This Paint Color Was a Homeowner’s “Nightmare”—Until She Saw Her Designer’s Vision
It's just one detail that helps the frequent flier recharge.
Published May 31, 2023 1:10 AM
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After meeting through mutual friends, interior designer Églantine Sicat crossed paths with the owner of this West London apartment several times over the years, and every time she’d say to Sicat: ‘Once I settle down, I’ll call you!’ She was true to her word. In early 2022, upon getting the keys to her 1,000-square-foot apartment, she asked Sicat, founder of Maison August, to work her magic on the tired space. Because the client regularly travels abroad for work, she craved a calming, nestlike oasis. “This is her place to recharge,” says Sicat.
On the owner’s list of must-haves was a nook in which to curl up and read and to be able to showcase her impressive collection of African art. She was raised in Nigeria and has been supporting little-known, emerging artists for years, storing finds at her parents’ home. “The pieces she has are quite exceptional; they’re not something you’d find in a small gallery,” notes Sicat, who relished the challenge of designing around them.
So far so straightforward, but what was meant to be a light makeover turned into a total gut renovation. Sicat worked with a friend and frequent collaborator, fellow French native Pauline Dellemotte of Atelier Ochre, on the project. “When we started stripping [it] out, we realized that all the walls had to be redone, and all the electric,” says Sicat. “Pauline is very bold in color, whereas I’m subtler. And our skills really complement each other.”
Here, Sicat and Dellemotte explain how they turned this top-floor gem into a welcoming sanctuary that combines coziness with contemporary art.
The small detail with powerful impact:
Pauline Dellemotte: The Calacatta Viola marble sink in the bathroom is like a piece of art. It’s directly in front of the door, so you see it straightaway. Originally, it was meant to be used for cupboard doors, but our millworker said the weight of the [stone] would cause issues with the hinges down the line, so it became a set of drawers instead.
The first thing we bought for this project:
Églantine Sicat: A pair of vintage liquor carafes. I found them at auction and they’re tiny, but I had such a crush on them. I immediately WhatsApp’d the owner a picture, and she was like, “I love them. I don’t know where they’re going to go, but I want them.” They now live on the bookshelves in the living room. Bringing in objects you can’t find everywhere lends charm to a space.
The biggest challenge we faced:
Dellemotte: The owner really wanted to add a second bathroom for guests, as well as have an en suite, and that was a massive challenge because, previously, there had only been a tiny washroom and lavatory. We had to reconfigure the whole apartment, and we were restricted by the position of the window, but it worked out.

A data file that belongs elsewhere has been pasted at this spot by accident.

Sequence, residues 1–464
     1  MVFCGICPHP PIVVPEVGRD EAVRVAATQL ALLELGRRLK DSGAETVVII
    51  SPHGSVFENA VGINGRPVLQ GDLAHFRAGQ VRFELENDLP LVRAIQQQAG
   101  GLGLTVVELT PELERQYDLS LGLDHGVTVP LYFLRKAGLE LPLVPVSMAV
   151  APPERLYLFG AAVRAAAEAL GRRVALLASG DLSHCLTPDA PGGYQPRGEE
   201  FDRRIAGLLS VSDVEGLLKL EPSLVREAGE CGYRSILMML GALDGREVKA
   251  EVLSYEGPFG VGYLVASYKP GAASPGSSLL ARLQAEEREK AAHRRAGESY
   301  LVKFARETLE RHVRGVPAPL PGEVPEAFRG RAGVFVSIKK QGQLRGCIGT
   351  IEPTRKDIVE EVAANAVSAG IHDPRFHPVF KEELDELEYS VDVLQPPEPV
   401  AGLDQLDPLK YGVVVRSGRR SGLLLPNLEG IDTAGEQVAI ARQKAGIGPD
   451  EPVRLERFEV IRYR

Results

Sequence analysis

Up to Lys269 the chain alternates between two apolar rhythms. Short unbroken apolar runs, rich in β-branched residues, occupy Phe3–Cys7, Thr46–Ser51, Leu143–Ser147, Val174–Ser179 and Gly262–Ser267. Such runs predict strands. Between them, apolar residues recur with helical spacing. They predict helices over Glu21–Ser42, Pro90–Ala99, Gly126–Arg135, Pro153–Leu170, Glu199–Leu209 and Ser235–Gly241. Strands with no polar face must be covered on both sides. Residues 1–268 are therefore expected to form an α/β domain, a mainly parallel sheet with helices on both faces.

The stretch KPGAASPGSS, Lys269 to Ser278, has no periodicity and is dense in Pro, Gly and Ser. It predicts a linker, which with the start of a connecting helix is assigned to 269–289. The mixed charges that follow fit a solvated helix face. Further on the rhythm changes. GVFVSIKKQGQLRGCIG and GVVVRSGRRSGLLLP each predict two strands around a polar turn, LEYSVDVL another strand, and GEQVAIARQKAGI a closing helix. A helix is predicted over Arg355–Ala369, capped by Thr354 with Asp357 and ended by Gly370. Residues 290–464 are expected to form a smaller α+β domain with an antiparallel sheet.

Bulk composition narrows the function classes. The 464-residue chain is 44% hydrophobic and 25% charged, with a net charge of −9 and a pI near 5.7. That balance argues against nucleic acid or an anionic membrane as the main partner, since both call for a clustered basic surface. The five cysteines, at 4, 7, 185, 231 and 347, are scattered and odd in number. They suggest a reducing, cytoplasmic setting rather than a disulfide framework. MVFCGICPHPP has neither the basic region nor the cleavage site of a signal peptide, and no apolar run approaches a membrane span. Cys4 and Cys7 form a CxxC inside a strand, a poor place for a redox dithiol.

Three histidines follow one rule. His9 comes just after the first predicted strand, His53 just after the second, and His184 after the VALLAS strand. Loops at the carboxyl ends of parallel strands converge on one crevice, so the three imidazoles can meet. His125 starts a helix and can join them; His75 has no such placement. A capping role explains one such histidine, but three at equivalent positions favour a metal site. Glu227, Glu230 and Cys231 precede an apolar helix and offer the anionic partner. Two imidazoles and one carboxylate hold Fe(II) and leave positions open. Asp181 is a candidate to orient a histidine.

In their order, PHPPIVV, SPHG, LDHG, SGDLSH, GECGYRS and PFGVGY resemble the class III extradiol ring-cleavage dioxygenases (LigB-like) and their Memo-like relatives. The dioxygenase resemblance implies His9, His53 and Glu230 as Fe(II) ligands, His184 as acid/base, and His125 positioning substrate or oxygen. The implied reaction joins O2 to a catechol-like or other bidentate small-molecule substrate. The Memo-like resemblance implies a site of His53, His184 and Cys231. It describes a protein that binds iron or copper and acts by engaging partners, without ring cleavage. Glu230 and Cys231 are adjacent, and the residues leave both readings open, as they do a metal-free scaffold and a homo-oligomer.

The detail we had to sell the owner on:
Sicat: The guest bedroom features raspberry pink walls and an equally statement headboard; however, we didn’t know until we wrapped the project that pink is actually the owner’s nightmare color! She used to hate it. We were trying to push for a pop of something bold because everything was skewing so beige and wood-y. It shows how much she trusted our judgment. And of course now she loves that room.
The detail the owner had to sell us on:
Sicat: Some of the artwork was difficult to imagine within the space, but we were always open to trying to make it work. A lot of it is quite bold, especially compared to her brief, which stated she wanted a very neutral interior, so we understood that we needed to strike a balance between the two. The piece above the bed in the primary bedroom is unlike anything I’ve ever seen. When she took it out of the roll, my thought was: Yeah, it’s nice. But when it came back from the framers and we hung it, the room suddenly lit up. It’s as if it was meant to be there from the beginning.
The risky decision that worked out:
Dellemotte: Églantine has been going to Morocco for 30 years and developed a network of artisans who make the most beautiful things, so we tapped them for custom pieces like bespoke tile, ceramics, and rugs. It can be challenging, however, because you’re never quite sure how something will turn out. For example, because of the natural way bejmat tile is produced, a lot had imperfections and stains that were just too noticeable, but luckily our builder laid the imperfect ones under the bathtub and vanity to conceal them.
The decor we’ll take with us into our next project:
Sicat: We found some really cool fabric suppliers that we definitely want to work with again. Bisson Bruneel is a French company we used for the drapery throughout—the quality is excellent. And we love the depth of colors that the Yarn Collective produces.